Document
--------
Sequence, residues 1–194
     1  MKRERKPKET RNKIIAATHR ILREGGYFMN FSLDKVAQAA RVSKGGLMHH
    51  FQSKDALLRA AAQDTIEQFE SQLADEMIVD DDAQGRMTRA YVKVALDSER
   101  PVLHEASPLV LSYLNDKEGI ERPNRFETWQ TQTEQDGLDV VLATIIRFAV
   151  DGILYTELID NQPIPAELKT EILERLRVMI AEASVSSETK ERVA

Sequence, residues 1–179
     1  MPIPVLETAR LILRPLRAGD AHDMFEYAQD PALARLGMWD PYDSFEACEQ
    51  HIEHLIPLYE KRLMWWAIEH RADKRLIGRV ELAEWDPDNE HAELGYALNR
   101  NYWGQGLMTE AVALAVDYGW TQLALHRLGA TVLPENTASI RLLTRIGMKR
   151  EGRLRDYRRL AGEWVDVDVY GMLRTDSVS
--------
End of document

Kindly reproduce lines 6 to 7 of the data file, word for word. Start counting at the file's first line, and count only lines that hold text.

Sequence, residues 1–179
     1  MPIPVLETAR LILRPLRAGD AHDMFEYAQD PALARLGMWD PYDSFEACEQ